Since perhaps bottoming out in February 2016 -- a period where the price of crude fell more than 70 percent from its peak -- prices have increased more than 45 percent. Many attribute this spike to three important events: first, the supply outages in Iraq, the United Arab Emirates and Nigeria; second, indications of a drop in non-OPEC production; and third, Iran’s as-yet unfulfilled pledge to flood the market with oil.
Financial Firms Weigh In on the Future of Oil Prices
The current situation has invited additional inquiry and scrutiny. Some financial firms, including Morgan Stanley, believe that the price of oil had bottomed out and is now in the midst of recovery. The bank states, “Oil prices now seem to have bottomed, even though they are likely to stay subdued for the rest of this year before starting to move higher in 2017.”
Other organizations, such as the International Energy Agency (IEA), credit the rebound to a decrease in non-OPEC produced oil, particularly of U.S. domestic production, which reached its lowest point since December of 2009. The IEA also believes that oil prices have bottomed out and should continue to rally.
Many analysts do not agree with the assumptions and predictions of Morgan Stanley, the IEA and others, citing that increased prices will once again lead to ramp up production. “My concern is if the market surges right back to $50 a barrel…we just end up with another problem six months from now,” said one head of research at Goldman Sachs Group. “You’d be taking a lot of risk entering this market early.”
The Impact of the Commodities Market and Other Factors
An interesting trend of note is that several commodities have undergone a price spike -- copper, gold, and iron ore, cocoa, and lean hogs among them. This rise in the price of many other commodities raises another question: is the price increase a temporary benefit, a by-product from a widespread drop in commodities production? History has demonstrated that the commodities market is especially prone to overproduction following a price surge.
The answer to the oil price question may depend on other important factors. For instance, many who are bullish about oil prices don’t appear to account for the supply outages -- outages that occurred in countries that are the 6th-, 8th-, and 13th-highest producers of the world’s oil. These widespread outages almost certainly had a measurable impact on oil production and affected global oil prices to a degree.
Another important factor is the unpredictability of Iran’s oil supply. As of late February, the country was -- and still is -- adamant that it will continue ahead with aggressive production. Iran is the world’s 7th-leading producer of the world’s oil supply and is eager to reclaim its standing in the world oil market.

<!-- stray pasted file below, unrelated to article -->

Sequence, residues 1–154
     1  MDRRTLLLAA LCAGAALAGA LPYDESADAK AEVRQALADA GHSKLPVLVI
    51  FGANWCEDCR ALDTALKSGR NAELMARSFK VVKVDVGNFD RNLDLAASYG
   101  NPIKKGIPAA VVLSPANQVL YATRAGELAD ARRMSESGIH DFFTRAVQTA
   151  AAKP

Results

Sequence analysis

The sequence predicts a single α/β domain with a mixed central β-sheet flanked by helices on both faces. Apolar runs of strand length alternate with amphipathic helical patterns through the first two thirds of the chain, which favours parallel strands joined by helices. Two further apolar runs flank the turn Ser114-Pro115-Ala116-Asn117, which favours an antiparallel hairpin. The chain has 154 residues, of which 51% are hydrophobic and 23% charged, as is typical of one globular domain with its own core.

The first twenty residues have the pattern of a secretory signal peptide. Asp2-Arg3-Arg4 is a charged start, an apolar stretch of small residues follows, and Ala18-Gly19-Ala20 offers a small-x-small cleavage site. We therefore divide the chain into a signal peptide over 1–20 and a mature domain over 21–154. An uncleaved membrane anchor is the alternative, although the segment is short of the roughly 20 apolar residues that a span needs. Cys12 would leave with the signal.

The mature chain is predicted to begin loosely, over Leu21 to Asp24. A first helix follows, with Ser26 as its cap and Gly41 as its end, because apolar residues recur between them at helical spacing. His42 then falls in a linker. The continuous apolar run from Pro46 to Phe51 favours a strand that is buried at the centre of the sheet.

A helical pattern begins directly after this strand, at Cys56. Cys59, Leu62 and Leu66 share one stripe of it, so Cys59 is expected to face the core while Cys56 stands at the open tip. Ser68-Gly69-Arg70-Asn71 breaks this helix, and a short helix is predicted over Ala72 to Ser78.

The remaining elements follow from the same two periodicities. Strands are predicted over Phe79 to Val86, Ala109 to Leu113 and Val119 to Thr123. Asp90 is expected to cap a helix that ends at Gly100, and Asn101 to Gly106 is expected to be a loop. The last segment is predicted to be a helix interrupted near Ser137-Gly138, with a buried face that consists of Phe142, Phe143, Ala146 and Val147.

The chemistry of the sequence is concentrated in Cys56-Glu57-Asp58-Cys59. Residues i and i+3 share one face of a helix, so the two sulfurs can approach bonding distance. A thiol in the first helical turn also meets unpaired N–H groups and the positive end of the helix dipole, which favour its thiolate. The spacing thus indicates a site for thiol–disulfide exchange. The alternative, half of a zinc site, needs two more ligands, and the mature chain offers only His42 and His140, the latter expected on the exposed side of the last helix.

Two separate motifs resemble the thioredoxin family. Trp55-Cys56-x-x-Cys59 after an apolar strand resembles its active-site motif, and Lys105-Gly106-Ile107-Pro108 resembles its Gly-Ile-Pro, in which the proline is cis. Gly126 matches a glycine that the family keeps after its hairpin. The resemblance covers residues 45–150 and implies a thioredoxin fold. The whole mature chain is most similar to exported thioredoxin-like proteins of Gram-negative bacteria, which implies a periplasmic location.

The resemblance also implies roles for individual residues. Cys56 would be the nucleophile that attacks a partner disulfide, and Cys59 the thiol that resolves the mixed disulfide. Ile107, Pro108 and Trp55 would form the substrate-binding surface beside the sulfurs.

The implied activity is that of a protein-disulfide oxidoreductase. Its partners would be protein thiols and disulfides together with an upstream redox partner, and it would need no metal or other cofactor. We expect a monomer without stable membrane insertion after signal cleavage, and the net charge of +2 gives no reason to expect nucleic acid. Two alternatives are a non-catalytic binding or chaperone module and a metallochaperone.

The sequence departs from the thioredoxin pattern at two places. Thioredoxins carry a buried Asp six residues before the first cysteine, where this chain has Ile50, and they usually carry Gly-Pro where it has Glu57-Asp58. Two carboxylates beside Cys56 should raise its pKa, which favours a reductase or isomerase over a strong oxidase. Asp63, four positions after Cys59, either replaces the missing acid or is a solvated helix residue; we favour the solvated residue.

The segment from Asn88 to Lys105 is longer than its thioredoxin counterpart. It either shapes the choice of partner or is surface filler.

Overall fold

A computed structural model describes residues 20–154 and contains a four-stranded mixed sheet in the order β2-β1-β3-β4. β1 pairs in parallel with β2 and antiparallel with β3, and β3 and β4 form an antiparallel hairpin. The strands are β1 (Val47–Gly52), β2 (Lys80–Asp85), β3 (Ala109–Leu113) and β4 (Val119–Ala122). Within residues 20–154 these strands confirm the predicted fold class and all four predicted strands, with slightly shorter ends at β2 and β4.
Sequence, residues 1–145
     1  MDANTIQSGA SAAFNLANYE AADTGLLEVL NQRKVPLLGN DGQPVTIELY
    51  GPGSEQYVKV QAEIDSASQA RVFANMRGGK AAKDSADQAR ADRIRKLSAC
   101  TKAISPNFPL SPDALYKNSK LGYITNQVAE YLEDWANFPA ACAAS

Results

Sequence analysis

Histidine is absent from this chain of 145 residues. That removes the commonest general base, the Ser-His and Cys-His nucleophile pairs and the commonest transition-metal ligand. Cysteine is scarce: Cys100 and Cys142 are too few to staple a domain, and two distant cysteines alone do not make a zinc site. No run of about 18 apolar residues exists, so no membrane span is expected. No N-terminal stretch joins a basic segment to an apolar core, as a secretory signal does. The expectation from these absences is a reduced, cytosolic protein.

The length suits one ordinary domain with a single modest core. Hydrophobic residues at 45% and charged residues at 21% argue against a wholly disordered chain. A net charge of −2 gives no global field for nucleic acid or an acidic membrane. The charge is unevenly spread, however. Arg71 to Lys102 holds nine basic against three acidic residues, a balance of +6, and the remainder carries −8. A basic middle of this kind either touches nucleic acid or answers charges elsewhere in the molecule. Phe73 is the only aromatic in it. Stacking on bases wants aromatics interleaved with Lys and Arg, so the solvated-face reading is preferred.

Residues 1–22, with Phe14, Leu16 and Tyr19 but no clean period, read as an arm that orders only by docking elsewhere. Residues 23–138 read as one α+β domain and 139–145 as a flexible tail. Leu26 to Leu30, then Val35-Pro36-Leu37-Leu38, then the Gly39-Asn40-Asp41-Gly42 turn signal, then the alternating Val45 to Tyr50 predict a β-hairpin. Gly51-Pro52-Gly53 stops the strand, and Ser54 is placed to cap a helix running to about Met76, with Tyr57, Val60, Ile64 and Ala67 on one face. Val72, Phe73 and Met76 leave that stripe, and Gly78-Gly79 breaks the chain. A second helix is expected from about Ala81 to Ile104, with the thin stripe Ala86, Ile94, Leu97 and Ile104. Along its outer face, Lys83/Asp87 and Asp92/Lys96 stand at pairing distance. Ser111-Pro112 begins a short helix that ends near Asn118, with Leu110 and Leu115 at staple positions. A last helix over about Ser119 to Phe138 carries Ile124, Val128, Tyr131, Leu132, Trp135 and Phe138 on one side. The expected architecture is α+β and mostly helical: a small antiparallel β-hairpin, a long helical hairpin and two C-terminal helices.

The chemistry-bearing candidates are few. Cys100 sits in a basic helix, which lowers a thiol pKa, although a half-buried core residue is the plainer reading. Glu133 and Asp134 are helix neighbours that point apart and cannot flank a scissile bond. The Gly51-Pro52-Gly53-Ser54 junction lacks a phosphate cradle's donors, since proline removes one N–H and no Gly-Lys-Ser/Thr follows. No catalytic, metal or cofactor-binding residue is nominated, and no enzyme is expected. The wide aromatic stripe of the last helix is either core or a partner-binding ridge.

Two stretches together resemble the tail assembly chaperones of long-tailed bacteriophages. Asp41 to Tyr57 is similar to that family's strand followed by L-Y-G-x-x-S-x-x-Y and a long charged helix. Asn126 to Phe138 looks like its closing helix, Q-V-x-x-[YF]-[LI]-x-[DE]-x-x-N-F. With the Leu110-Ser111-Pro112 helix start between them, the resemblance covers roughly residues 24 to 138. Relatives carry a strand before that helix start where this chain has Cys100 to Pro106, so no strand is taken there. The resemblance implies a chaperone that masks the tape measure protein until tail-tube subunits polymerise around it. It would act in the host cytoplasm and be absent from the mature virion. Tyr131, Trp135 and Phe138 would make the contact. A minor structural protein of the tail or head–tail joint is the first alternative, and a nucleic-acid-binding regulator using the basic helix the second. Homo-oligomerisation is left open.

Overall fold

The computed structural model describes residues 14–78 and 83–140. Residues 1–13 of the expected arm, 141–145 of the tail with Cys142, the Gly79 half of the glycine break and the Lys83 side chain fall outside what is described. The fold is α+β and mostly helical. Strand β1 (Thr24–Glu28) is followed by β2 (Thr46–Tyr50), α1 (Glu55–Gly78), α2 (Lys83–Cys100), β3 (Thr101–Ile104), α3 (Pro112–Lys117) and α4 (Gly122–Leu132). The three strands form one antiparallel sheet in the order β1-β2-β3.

OPEC’s Proposed Production Freeze
The proposal put forth by some OPEC member countries to freeze production appears bleak. Any robust plan to decrease oil production was bound to be met by resistance from other member countries, and indeed it was. For one, Iran reemphasized its plans to significantly boost production despite any proposed plan.
Saudi Arabia also doesn’t appear to be taking any measured steps to reduce or freeze output: “Saudis want the price of oil to be low so that they can knock out the Americans,” said Gal Luft, senior advisor of the United States Energy Security Council (USESC). This is a potentially significant development, as Saudi Arabia is the world’s second-leading producer of crude oil.
Luft continued with his criticism of the proposal: “The Russians want it [the price of oil] to be high. I don’t see that there is a middle ground, between those that want high and those who want lows. I think (the March 20 meeting) will be a talk for the sake of talk, but nothing concrete will come out of it.”
Furthermore, economists continue to remain apprehensive about plans to freeze production, instead stating that a reduction in oil production is the only noteworthy action to stabilize the price of oil. Such economists also believe that the recent spike in oil prices is due to rare and unforeseen circumstances, not a measured and deliberate effort to freeze production.
Stakeholder Response and Future Developments
Stakeholders in the oil market -- investors, executives, workers, and national leaders -- are traditionally quite reactionary when oil prices suddenly swing in either a positive or negative direction. All things considered, it is very difficult, if not impossible, to predict the short- and long-term trends of oil production and oil prices.
Taking into account the turbulent nature of the world’s oil politicking, the degree of difficulty in making such predictions heightens. The uncertainty surrounding Iran, Iraq, Saudi Arabia, and Russia alone are enough to warrant caution about making reactionary decisions and predictions.
Regardless of how oil prices end up fluctuating in the coming months and into 2017, stakeholders would be wise to thoroughly consider events as they unfold in oil-producing countries around the world. Such events may not only predict the sustainability of short-term oil prices, but the long-term sustainability of the entire oil market.